Jon Rouse, Croydon Council’s £248,000 per year chief executive, was out of his office for a crucial four hours in the late afternoon and early evening of Monday, August 8 last year, just at the time that parts of the borough were descending into public disorder, rioting and arson, all verging on anarchy.
Despite police intelligence gathered over the preceding weekend of the likelihood of rioting in the borough, Rouse left his office at Taberner House around 4.30pm on 8/8, to attend an official meeting at Mayday Hospital.
Rouse did not return to the council headquarters to oversee anti-riots measures until 8.30pm – at least two hours after rioting in central Croydon had begun, when an under-manned police unit at West Croydon station came under violent attack from gangs hurling bricks and other missiles, forcing the railway station to be closed, with hundreds of commuters, returning home from work, locked inside for their own safety.
The chief executive’s delayed arrival at his office was confirmed tonight to Inside Croydon by Danny Brierley, Croydon Council’s spindoctor-in-chief.
Yesterday, although he gave an undertaking to respond to our questions regarding the £35,000 paid to William Barnett for chairing Croydon Council’s own riots report panel, Brierley failed to get back to us with any answer on the amount of time that Barnett, the retired judge, spent working on the 48-page report, which has been described as a “whitewash” over Croydon Council’s failure to act effectively.
Rouse’s evidence to the Barnett panel was seen as barely disguised criticism of the police response to the outbreak of civil disturbances on 8/8, when hundreds of people lost their homes and businesses, there was damage to property running into tens of millions of pounds, and one man was murdered.
Rouse told the Barnett panel that he spent some of the night of 8/8 in the council’s CCTV control room where he watched the unfolding chaos. “The council had a very limited enforcement role through the CCTV room,” Rouse said.
With just a single police liaison officer in the borough control room, Rouse said it was impossible to react to the images they were viewing on CCTV. “He was getting no response at all, not even a response from the police saying ‘we have got no resources’. There were periods when he was talking into the ether,” Rouse said in evidence to the Barnett panel.
Today, Brierley, presumably at the bidding of his CEO, took exception to our previous report, in which we said “… sources at Taberner House suggest that Rouse chose to leave his office at 4.30pm on 8/8. Rouse is understood to have attended a meeting at Mayday Hospital at 5.30pm, before apparently making his way home.
“‘At least when the Titanic went down, the captain was on the bridge,’ our source said.”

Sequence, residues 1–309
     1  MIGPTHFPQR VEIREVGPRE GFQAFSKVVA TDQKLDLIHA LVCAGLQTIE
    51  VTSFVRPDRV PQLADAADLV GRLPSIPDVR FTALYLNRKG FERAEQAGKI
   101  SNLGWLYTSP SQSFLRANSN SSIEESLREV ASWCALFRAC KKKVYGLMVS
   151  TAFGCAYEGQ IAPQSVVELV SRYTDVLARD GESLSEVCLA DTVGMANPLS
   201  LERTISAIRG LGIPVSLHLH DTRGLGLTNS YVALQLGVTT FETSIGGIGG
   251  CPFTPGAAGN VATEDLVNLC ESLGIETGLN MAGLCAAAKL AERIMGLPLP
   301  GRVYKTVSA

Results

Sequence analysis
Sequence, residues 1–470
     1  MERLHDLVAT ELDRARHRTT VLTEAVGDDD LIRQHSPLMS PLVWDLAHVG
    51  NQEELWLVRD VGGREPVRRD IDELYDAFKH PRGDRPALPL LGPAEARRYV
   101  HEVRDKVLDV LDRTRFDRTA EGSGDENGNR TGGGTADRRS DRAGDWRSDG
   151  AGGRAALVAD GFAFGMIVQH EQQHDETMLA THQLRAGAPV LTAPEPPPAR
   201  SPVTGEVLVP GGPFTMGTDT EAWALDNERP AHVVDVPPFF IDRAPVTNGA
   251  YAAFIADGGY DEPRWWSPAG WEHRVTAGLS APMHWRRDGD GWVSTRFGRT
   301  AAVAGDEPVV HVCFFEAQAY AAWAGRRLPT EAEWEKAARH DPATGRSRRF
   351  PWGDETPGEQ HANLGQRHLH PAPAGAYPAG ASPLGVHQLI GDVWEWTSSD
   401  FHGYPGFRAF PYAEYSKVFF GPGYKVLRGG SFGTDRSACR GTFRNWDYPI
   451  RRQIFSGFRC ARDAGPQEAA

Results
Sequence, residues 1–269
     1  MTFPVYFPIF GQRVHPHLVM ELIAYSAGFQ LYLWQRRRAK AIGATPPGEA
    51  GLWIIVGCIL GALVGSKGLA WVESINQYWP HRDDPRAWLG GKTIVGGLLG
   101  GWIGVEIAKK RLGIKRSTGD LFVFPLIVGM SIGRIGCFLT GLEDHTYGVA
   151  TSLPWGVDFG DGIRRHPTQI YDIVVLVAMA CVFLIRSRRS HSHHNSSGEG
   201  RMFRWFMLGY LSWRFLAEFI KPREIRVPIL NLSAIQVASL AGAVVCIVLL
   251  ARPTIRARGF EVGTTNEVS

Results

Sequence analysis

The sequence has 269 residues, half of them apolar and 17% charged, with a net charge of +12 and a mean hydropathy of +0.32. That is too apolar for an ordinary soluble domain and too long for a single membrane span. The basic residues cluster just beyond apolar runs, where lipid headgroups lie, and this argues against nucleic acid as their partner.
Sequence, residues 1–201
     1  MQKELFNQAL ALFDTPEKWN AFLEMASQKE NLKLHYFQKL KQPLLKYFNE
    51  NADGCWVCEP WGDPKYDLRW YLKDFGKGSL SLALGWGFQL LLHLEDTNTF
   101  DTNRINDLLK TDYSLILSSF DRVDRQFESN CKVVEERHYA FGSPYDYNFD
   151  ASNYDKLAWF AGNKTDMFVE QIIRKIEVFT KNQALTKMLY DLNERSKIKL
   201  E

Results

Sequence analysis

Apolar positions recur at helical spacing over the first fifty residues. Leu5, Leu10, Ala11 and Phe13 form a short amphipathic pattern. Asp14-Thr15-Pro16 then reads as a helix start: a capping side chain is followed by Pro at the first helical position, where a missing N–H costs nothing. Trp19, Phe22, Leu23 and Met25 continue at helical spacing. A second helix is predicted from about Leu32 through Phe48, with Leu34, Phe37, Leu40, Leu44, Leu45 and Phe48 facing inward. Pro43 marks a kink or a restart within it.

Today, Brierley wrote: “Jon’s whereabouts on the night of 8 August last year are a matter of public record…
“He spoke at length at the public hearing about his journey back to Croydon, what he did when he arrived, what action he took etc. There has never been any suggestion he was absent on the night of the riots, which is borne out by easily accessed, previously reported accounts,” Brierley said.
We asked Brierley to clarify the times when Rouse returned to Taberner House and attended the control room.
Brierley did not contradict our report that Rouse had left his office on council business at 4.30pm on the day of the Croydon riots, but he provided this clarification: “Jon was at Taberner House during the night of the riots and there are many witnesses (including me) who will attest to that. He arrived at 8.30pm, left at 2am, spent the rest of the night in a Croydon hotel and returned at 7am on Tuesday the 9th.”
This fails to explain why if, as Rouse admits, there was ample intelligence of possible rioting that day, the CEO did not cancel his meeting at Mayday due to more pressing matters, or at least return to Taberner House directly after that meeting.
What it does offer is official confirmation from Croydon Council that their CEO was not in his office in a four-hour period on the day of Croydon’s riots, at a crucial time when top-level calls to Scotland Yard and the Home Office may have helped deliver police reinforcements to the borough. By the time Rouse was back at the control centre, the gangs roaming Croydon’s streets that night were already out of control.
This could be the final time that Inside Croydon benefits from the help of Danny Brierley. Despite only having been promoted to the estimated £70,000 per year role of Head of Media Relations on Taberner House’s seventh floor barely four months ago, Burnley-supporting Brierley is about to leave Croydon Council.
For those who enjoy irony, Brierley is taking a job with the Independent Police Complaints Commission.
- Inside Croydon: brought to you from the heart of the borough, free of charge, an independent voice standing for freedom of speech for the people of Croydon
- Retired judge handed £35,000 for chairing riots panel (insidecroydon.com)
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